Danish and South African Satellites Put Into Orbit
The first satellites built by South Africa and Denmark were launched into orbit Tuesday, along with a big U.S. defense research satellite.
A long period without contact caused anxious hours for the builders of South Africa’s Sunsat, but communication was finally established. The U.S. Argos and the Danish Orsted satellites were doing well, officials said.
The satellites went up on a Delta II rocket at 2:29 a.m. after 11 delays in recent weeks.
Within an hour of launch, the Air Force’s Advanced Research and Global Observation Satellite, or Argos, was released. Sunsat and Orsted were released 41 minutes later. All three were in near-polar orbit 334 to 459 miles above Earth.
Sunsat was created by engineering students in South Africa, primarily to show that they could do it. Orsted will map Earth’s magnetic field. Argos will conduct research on military and space technology.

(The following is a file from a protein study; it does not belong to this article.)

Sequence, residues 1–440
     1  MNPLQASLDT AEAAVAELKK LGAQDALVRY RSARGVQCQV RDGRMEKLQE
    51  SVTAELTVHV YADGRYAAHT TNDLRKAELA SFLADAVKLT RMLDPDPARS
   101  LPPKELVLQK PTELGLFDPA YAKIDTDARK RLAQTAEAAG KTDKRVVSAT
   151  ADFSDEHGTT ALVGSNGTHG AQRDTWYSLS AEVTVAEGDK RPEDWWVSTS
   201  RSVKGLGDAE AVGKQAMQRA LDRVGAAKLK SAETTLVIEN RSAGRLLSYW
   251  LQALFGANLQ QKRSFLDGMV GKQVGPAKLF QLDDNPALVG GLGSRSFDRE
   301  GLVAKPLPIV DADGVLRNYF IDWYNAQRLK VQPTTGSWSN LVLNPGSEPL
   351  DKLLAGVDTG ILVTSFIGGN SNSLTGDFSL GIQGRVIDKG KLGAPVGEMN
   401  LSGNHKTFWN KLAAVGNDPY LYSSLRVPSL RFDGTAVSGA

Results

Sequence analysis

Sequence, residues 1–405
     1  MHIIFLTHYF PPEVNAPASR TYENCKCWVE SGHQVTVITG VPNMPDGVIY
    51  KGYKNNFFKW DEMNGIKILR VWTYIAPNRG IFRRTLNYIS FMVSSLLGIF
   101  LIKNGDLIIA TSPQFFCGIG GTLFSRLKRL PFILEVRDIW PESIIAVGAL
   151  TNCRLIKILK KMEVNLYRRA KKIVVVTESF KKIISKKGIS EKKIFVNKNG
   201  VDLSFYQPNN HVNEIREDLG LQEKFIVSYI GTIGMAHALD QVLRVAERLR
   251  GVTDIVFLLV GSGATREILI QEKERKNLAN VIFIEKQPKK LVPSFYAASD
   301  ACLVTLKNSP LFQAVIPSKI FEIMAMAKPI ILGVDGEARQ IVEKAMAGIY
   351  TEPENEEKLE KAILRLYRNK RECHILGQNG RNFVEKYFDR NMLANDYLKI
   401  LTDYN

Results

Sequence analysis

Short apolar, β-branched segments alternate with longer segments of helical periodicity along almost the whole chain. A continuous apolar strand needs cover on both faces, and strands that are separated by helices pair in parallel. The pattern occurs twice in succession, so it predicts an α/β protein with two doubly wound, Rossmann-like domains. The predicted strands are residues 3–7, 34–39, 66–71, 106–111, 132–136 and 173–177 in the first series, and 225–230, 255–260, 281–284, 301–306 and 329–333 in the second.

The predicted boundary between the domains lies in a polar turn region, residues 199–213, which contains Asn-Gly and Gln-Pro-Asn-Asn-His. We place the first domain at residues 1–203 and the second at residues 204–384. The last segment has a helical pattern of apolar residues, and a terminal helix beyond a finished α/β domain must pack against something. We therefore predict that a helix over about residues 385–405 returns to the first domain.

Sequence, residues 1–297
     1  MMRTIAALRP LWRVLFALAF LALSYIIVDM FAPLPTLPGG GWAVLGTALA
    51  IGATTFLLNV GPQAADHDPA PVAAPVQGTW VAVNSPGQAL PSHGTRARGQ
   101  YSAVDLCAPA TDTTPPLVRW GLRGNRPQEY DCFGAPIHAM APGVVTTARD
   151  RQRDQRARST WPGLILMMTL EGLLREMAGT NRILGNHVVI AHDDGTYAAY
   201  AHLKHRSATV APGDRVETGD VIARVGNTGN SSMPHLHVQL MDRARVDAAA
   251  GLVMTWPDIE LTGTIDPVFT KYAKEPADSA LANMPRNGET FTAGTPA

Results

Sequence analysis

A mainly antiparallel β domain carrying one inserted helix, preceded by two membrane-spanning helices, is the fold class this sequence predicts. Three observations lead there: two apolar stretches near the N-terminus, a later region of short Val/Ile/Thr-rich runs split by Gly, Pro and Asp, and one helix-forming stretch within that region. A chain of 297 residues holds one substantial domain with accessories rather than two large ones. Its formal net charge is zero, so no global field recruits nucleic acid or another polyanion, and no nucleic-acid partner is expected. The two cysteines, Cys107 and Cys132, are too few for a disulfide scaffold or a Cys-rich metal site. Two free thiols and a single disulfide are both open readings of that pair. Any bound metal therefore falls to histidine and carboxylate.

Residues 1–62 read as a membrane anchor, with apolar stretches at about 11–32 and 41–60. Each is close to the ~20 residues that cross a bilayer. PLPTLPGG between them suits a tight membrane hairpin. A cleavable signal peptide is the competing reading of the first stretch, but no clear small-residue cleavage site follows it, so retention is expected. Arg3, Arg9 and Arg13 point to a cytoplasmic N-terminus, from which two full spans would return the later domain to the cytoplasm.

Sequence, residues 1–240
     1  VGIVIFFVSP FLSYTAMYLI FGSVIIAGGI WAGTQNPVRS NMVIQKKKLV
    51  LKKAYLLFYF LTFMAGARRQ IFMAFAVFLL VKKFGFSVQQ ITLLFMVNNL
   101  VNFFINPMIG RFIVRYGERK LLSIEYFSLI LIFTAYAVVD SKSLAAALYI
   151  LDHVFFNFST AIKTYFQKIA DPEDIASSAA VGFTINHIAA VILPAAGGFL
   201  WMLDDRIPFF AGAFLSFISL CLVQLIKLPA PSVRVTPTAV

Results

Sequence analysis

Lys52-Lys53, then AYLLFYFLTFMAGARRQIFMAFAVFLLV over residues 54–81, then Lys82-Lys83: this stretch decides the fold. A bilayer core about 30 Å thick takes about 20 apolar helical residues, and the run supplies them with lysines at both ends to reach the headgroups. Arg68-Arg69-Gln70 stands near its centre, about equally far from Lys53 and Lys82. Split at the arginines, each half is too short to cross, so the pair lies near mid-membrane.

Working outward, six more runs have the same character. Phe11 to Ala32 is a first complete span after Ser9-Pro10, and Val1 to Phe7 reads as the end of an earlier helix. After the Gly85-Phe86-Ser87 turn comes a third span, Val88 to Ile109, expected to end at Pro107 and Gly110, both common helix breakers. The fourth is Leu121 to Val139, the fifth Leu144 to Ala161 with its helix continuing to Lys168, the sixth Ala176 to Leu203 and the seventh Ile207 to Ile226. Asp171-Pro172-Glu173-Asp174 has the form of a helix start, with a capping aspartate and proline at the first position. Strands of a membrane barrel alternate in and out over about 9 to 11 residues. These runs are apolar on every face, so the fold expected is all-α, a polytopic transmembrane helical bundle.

Although small, the 130-pound satellite from South Africa and the 136-pound one from Denmark represent those nations’ entry into the club of space-faring countries. Argos, by contrast, weighs 3 tons and is loaded down with research gear.
Sunsat was also symbolic of South Africa’s return to collaboration with the international science community after being isolated during the apartheid era.
The many launch delays were frustrating. Most were due to weather, but one was due to a problem with the Delta that stopped a launch attempt at the last second.
“It is of course an enormous relief,” Jens Langeland-Knudsen, the Danish chief coordinator, said after the launch.
“Two or three delays would have been acceptable as part of the suspense, but 11? That’s too many,” he said.
The delays were a source of jokes in Denmark. On Danish postal stamps, however, the satellite has been circling Earth since January.